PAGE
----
Polycarbonate vs CR39 plastic lenses | uvex safety

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    You should be happy if you dont need prescription safety glasses.

    And yes, do what others suggested and keep using the plastic ones. 4 weeks out of one pair is not too bad. Maybe try few different models to see if one is more to your liking, maybe even give a try for goggles. IIRC some 3M models were remarkably fog-proof and not too easy to scratch either.

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    Quote Originally Posted by Luke.kerbey View Post
    Hey, that’s more like it, I found this article from uvex that says PC is an upgrade from CR34. Is this just their marketing?
    Well, for some things one can say that polycarbonate is an upgrade, but I'd hazard that Marketing was not thinking of machine shops. More likely, never heard of such a thing. And I'm not nearly as handsome as that model.

    Also I’d need the glasses for manual milling and turning too, so flying swarf from roughing is unavoidable, will the impact issue with CR-34 pose an issue?
    CR-39 lenses are pretty strong, so flying swarf won't break such lenses. Nor will the cutting fluid hurt them.

    I like it’s resistance to solvents though that sounds useful.
    Yeah. For me, it was essential. I use solvents all the time, and I soon would have engraved a fingerprint into a polycarbonate lens.

    When I was buying my last pair of glasses, the owner of the optician shop where I bought them asked the saleswoman why CR-39 was chosen kind of sharply, and I stepped into the conversation, saying "Because I specified CR-39". My reading is that she was expected to upsell me. The owner was surprised, and questioned me. He had never heard of the issue of solvent resistance.

    The Uvex webpage was carefully worded, but they did say that CR-39 lenses meet the same standard as my industrial hard glass lenses of yore.

    Last edited by Joe Gwinn; 08-30-2019 at 05:44 PM. Reason: Typo

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    I'm with Carbide Bob - if there's that much dust flying around you're breathing it in, as well as the other issues. I know it's costly, but a proper dust collection system is a health aid as well as prolonging the life of glasses and such.

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    In the OP's situation, I would be wearing my regular light, inexpensive safety glasses with diopter "cheaters", and then a full-face shield over that to provide the first line of defense against grinding grit. Specifically, the kind that takes inexpensive replacement shields, available in various kinds of plastic. In fact, I modified the "hat brim" of my shield to take my favorite Jackson welding headgear, because the cheap shields usually have crummy, short-lived straps and ratchets.

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    Quote Originally Posted by Luke.kerbey View Post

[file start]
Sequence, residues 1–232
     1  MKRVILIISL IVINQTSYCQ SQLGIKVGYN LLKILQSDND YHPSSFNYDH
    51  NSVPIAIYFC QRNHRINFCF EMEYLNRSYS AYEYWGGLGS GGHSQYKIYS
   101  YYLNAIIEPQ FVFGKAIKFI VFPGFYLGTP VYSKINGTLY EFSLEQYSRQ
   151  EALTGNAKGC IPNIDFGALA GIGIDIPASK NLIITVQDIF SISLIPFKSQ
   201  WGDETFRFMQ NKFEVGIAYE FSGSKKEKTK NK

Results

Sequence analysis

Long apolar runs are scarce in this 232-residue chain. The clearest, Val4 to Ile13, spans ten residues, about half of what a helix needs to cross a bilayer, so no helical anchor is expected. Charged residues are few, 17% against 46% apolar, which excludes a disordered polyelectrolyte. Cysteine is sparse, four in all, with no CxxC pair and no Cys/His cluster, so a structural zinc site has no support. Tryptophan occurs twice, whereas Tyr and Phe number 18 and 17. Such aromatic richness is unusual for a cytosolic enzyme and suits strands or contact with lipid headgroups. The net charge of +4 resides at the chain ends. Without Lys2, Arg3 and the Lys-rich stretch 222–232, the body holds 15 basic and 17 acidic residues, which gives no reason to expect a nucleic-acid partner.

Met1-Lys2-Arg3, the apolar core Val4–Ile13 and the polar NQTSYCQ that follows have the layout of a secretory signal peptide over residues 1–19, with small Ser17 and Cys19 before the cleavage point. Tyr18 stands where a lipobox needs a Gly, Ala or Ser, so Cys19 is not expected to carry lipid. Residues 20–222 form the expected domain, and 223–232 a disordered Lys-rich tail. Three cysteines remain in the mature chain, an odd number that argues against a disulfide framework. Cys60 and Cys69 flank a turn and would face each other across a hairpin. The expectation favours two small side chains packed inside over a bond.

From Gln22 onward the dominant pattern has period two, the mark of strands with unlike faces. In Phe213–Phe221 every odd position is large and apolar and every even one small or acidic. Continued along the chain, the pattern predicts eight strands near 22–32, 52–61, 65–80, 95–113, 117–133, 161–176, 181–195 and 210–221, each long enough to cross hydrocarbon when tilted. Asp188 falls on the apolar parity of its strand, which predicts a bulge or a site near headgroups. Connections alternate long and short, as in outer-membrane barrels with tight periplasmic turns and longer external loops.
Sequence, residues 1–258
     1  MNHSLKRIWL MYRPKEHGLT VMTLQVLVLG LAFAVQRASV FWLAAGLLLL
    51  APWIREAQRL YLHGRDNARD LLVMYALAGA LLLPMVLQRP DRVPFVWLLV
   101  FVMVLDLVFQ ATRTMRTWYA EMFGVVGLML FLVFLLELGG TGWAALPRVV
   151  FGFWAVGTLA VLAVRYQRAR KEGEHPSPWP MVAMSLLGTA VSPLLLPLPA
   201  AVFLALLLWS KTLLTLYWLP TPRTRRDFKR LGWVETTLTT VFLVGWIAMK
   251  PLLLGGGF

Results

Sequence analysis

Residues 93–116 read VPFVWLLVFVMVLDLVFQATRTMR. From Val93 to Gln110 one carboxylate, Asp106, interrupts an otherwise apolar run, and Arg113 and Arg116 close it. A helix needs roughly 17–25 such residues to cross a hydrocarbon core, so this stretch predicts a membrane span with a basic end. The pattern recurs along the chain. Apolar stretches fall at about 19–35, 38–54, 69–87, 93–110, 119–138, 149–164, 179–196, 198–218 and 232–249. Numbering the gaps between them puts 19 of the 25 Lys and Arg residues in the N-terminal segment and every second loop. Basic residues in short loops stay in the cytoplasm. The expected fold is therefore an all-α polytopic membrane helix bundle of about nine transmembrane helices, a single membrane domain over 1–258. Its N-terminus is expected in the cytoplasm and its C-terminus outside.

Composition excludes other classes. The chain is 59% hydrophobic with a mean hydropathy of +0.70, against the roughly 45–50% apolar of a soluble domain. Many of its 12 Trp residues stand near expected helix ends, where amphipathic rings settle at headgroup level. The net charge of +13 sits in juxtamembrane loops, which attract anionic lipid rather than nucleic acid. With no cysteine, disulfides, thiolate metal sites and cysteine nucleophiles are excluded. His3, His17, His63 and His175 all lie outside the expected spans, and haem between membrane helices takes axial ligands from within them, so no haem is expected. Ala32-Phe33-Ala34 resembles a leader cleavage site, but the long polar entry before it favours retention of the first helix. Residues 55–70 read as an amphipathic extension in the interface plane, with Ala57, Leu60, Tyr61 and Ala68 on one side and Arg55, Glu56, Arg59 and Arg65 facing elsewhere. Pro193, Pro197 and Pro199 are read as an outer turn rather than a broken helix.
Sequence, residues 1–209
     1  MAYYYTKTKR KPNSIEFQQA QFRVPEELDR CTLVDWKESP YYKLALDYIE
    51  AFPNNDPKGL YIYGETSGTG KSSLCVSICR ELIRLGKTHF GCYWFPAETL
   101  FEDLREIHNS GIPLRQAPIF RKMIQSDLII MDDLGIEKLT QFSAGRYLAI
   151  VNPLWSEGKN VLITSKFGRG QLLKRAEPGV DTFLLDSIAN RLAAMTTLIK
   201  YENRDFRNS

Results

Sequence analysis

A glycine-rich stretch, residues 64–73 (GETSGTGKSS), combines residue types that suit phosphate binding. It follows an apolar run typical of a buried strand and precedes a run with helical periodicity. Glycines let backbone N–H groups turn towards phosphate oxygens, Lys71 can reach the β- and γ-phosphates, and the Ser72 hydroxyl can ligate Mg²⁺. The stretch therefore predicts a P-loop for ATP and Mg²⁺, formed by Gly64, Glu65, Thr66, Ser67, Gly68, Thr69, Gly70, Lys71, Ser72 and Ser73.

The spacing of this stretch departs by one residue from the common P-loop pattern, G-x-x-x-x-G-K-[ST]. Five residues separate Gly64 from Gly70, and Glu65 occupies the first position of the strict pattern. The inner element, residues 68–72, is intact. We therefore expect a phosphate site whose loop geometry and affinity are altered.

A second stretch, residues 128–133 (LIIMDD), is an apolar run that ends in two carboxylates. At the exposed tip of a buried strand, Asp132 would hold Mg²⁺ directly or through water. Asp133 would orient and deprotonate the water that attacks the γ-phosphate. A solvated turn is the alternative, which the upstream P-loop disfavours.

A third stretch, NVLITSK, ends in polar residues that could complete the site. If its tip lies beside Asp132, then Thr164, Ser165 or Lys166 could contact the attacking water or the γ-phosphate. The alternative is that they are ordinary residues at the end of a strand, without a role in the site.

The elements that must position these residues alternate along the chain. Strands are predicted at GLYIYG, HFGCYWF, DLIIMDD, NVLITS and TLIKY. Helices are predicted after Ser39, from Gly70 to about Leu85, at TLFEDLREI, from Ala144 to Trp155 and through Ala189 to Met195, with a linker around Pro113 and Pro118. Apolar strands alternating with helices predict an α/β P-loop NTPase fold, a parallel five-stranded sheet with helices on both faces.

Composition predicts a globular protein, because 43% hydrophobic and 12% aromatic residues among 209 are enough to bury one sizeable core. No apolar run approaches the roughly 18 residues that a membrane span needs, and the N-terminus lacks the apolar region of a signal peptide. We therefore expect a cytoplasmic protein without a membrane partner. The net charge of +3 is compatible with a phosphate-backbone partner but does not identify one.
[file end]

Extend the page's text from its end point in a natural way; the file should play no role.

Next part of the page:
Hey, thatís more like it, I found this article from uvex that says PC is an upgrade from CR34. Is this just their marketing?
    Also Iíd need the glasses for manual milling and turning too, so flying swarf from roughing is unavoidable, will the impact issue with CR-34 pose an issue?

    I like itís resistance to solvents though that sounds useful.



    Polycarbonate vs CR39 plastic lenses | uvex safety
    Polycarbonate is upgrade if you are interested in impact resistance. CR39 fullfills only the EN166S standard, polycarbonate (and trivex) comply to EN166F that calls for 6mm steel ball shot at glasses at 45m/s.

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    Quote Originally Posted by MattiJ View Post
    Polycarbonate is upgrade if you are interested in impact resistance. CR39 fullfills only the EN166S standard, polycarbonate (and trivex) comply to EN166F that calls for 6mm steel ball shot at glasses at 45m/s.
    Yeah. The old dropped 16-oz ball standard was it for many years, and worked quite well.

    https://www.greenham.com/medias/sys_...fety-Guide.pdf

    The example for the 45 m/s seems to imply ricochet from firearms, because even an airgun is faster than 45 m/s:

    .<https://www.wileyx.eu/en-166-standard/>

    Hmm. I don't know how one achieves 45 meters per second unless one has defeated the interlocks on a modern machining center. For a lathe with a 12.5" diameter workpiece, it would have to be spinning it at 2,700 rpm to achieve that peripheral speed. What problem are they proposing to solve, and how common is it? I don't know the history or rationale, but probably someone on this reflector does.

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    Quote Originally Posted by Joe Gwinn View Post
    The example for the 45 m/s seems to imply ricochet from firearms, because even an airgun is faster than 45 m/s:

    .<https://www.wileyx.eu/en-166-standard/>

    Hmm. I don't know how one achieves 45 meters per second unless one has defeated the interlocks on a modern machining center. For a lathe with a 12.5" diameter workpiece, it would have to be spinning it at 2,700 rpm to achieve that peripheral speed. What problem are they proposing to solve, and how common is it? I don't know the history or rationale, but probably someone on this reflector does.
    Grinding wheels/disks for example run 40 to 80m/s.
    S grade lenses are probably good enough for most machining operations and probably save the day in 99% of typical cases where you get metal chips or other dirt in your eyes at relatively low speed.

    Seen plenty of safety nazis but so far nobody has questioned the lens grade on safety glasses.

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    I had a good pair that were made in France, " Bolle " I think. They cost a bit more but they don't steam up if you're also wearing a dust mask. I had a bad run of getting grit in my eyes. Workmates could be hand grinding 50 yards away and I'd get a bit in my eye ! I got paranoid about it to the point I was considering wearing a goldfish bowl or a deep seas divers helmet !

    Regards Tyrone.

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    Yer, bolle is all Iíve used for 3 years, at cost of around £10 a pair every month, I just reckon I should more then 4 weeks from a pair that expensive.